He would have been appreciated thereby as a loyal subject and cultural ambassador in statecraft. But by failing to exercise self-restraint against dissolving his cabinet at the point he did when the royal fathers were still in Abuja on their trouble-shooting visit to Buhari, Governor Obaseki had lost an episodic and historic chance to earn the recognition that would have defined his persona and philosophy in the intercourse of politics and culture.
But, the rain of infamy, which began to fall with the governor’s first political gambit of sponsoring the iniquitous inauguration of the State House of Assembly, using nine of the 24-member APC-dominated House to enthrone his anointed Speaker, Frank Okiye, remains a Gordian knot. The cabinet dissolution that came on the heels of that contraption was a further aggravation that was deliberately introduced into the mix to heighten political tension in the State.
Knowing it could spark off a rash of speculations, innuendos and quirky conclusions as to the intents and purposes behind the political and strategic indiscretions of stoking the fire by a series of actions that has now portrayed him as the “real” problem, Obaseki did not care a hoot in the lingering fit of desperation to secure a second term in office.
While the governor’s disposition of power inebriation could, therefore, not encourage more pacific interventions by the royal fathers, the concomitant scenario that has been thrown up is captured by a Yoruba proverb that one cannot clap with one, apparently explicating the dilemma of the Oba of Benin whose effort at reconciliation had been rendered futile by politicians’ obduracy.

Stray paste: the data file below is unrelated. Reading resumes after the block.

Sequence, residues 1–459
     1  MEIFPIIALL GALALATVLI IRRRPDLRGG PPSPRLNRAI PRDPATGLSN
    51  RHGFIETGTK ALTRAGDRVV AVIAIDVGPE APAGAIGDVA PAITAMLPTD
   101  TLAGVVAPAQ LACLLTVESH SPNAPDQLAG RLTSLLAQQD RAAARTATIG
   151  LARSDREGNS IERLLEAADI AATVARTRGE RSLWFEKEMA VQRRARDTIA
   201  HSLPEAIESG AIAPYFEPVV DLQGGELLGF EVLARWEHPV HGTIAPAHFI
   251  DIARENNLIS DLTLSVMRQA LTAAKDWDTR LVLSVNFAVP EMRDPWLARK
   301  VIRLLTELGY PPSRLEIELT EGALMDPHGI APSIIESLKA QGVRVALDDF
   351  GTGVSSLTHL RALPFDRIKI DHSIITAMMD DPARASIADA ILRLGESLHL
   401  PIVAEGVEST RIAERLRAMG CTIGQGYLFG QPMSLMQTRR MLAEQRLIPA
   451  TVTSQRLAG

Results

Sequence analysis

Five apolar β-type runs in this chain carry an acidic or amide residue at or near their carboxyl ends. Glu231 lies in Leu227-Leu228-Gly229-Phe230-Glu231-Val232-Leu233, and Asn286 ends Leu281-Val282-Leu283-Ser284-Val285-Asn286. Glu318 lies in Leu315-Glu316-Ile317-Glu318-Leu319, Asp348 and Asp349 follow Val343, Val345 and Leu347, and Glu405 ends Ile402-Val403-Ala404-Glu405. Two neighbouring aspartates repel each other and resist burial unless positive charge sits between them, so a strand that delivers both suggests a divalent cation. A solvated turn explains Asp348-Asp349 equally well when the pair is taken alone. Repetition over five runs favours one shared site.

It is agreed that it takes two to tango. Therefore, in order to achieve reconciliation and peace, there must be obligatory inclination by the feuding parties to sheathe their sword. The recalcitrance of one of the parties to accept reconciliation on some terms other than his entire terms is counter-productive to the achievement of amity.
As long as a party is committed to frustrating peace and order in furtherance of a predetermined end and investing bad faith and disingenuousness in attempts at reconciliation, every well-intentioned intervention by the royal fathers, especially the Oba of Benin, and APC’s national leadership, particularly the purported directive by Buhari that Obaseki should reconcile with Oshiomhole, his political mentor, would amount to futile exertions.
Permit me, once more, to call on and deploy the richness of the Yoruba proverbs in capturing the burden that the Oba of Benin, being not a politician, had placed on himself to help resolve a crisis that is already having far-reaching implications for governance in the State: “the elders cannot be in the market place and the head of a baby that is backed by his or her mother would be improperly positioned without the elders helping to place the head in the proper position.” The royal father has discharged that duty creditably.